awcarib[1]Aruba was not a blank page for me. While it is independent, Dutch is still an official language on the island it once colonized. I also knew the island depended on American tourism. I expected a Caribbean island that would have both Dutch and American influences. It made me curious to the sport culture in the nation though, as the Netherlands and the United States could not be more different in their views on sport. One favors sport for skill development, the other favors sport for community and health. Upon arrival I realized that Aruba was indeed the best (or worst) of both worlds, in terms of food, media, and sport. In one thing Aruba was definitely more American than Dutch: obesity levels. Aruba is among the nations with the highest obesity levels, an honor it shares with the United States. Thus, I started asking what the sport participation rates were in Aruba, as they might contribute to the obesity levels. Nobody could give me an answer. Thus, my research question became: what is the role of sport on the island, and how is it used to maintain health among the population?

cruise7[1]During my stay, I was asked to provide a seminar to the industry, which contained a mixture of sport officials, government officials, and business people. I decided to compile a lecture on sport for health, and in my presentation I used both the United States and the Netherlands as benchmarks. I realized that I had been able to find a subject that I was uniquely qualified to study. I had in-depth knowledge of both nations and the subject of sport itself. It reminded me: remain true to the self. The presentation was a success, and afterwards the Director of the National Institute for Sport and Movement and the secretary of the NOC approached me. Both women were excited by the presentation and gauged my interest in establishing a project to explore sport participation on the island. I realized that this was my ‘in’ and immediately set up meetings. I also was able to recruit a University of Aruba faculty member (Kimberly Greaux) to work with me on this, who was finishing her PhD in the Netherlands in Public Health.

cruise3[1]I spent the remainder of my time on the island meeting people, and I was glad I did. Everybody was excited about doing a baseline measure study to sport participation, but nobody had money to pay for it. The estimated budget forecasted about $28,000 to do the study. Had I not met with everyone, this project would probably have died. Fortunately, one of my contacts was able to set up a meeting for me with the Minister of Health, Welfare and Sport, who had funding available (final tip: build a solid foundation of stakeholders for your research project, you will need them). Six months later we received the money to start our project and have now collected over 1,000 surveys and conducted about 10 focus groups. We are excited to work with the government of Aruba on this, and we can’t wait to publish our results.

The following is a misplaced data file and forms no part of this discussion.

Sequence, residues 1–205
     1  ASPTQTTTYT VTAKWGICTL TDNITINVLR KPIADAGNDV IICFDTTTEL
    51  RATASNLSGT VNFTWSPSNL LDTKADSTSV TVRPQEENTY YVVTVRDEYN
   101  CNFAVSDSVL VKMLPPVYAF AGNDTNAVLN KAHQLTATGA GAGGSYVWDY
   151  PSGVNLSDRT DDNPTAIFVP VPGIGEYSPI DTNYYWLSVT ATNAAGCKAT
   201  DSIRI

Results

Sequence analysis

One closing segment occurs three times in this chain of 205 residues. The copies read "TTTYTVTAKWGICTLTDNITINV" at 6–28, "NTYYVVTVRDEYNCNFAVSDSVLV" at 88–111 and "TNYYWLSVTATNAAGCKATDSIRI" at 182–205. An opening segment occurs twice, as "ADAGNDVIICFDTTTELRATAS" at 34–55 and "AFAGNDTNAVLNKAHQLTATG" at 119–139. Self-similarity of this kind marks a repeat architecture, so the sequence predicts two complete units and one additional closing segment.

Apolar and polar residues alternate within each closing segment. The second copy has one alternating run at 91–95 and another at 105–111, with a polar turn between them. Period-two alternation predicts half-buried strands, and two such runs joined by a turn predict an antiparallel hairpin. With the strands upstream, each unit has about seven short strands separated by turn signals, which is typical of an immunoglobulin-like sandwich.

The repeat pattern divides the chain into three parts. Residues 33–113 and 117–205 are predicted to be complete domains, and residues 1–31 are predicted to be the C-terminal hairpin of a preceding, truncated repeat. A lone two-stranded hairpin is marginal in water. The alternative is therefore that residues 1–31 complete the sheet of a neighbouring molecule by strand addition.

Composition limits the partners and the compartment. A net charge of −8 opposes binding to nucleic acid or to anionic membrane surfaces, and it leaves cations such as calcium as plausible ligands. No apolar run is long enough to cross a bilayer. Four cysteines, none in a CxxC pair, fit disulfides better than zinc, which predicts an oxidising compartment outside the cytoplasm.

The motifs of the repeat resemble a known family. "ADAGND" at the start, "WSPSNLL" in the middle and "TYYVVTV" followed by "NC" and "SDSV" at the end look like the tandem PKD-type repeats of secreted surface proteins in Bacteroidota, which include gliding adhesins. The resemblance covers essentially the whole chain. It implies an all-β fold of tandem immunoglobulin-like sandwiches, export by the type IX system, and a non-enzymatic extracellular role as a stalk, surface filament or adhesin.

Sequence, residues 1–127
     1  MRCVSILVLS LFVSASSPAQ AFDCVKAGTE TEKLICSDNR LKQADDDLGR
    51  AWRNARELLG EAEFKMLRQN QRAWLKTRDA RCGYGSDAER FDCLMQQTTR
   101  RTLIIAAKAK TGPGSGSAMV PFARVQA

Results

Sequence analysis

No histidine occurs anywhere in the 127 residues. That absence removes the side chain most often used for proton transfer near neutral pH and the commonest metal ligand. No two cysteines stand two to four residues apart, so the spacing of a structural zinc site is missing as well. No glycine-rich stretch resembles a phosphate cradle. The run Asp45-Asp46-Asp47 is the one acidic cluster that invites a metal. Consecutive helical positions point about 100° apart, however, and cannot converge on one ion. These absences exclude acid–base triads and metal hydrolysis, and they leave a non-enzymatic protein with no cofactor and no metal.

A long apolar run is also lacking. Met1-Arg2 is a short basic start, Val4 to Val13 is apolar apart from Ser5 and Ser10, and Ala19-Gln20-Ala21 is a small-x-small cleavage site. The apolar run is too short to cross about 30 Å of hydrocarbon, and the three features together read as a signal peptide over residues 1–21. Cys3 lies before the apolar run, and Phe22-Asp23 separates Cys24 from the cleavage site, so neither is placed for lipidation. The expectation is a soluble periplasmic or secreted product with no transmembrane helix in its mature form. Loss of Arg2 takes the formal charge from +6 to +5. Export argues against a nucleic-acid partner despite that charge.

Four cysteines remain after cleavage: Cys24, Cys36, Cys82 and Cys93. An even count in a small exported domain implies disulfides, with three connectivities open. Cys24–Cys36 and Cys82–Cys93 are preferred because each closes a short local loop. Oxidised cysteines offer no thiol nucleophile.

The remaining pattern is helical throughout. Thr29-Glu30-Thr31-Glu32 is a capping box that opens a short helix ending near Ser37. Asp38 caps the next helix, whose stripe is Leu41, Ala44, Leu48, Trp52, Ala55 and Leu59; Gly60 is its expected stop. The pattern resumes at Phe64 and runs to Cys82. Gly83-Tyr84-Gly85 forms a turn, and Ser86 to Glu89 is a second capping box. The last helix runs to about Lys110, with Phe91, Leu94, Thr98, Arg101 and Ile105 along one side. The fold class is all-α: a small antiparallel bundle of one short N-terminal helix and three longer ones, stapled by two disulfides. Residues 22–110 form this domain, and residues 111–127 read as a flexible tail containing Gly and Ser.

What makes a successful golf management university program?

By Matthew Walker, Ph.D.
Texas A&M University

Training the next generation of employees, managers, and future leaders is an essential and necessary practice for any industry. This practice is especially important for industries pro-golf-imagewhere economic conditions, coupled with waning consumer interest, has reduced the aggregate value and revenue generating potential of the service. This is the case for the Golf Industry in the United States, where approximately 5.9 million golfers left the sport between 2003 and 2014, and approximately 160 courses closed in 2013, marking the eighth straight year for this latter trend (NGF, 2014). In light of these and other data showing fluctuations in key industry metrics (e.g., rounds per year and consumer spending), it is imperative to assess whether employment/training programs are equipped to deal with shifting industry challenges.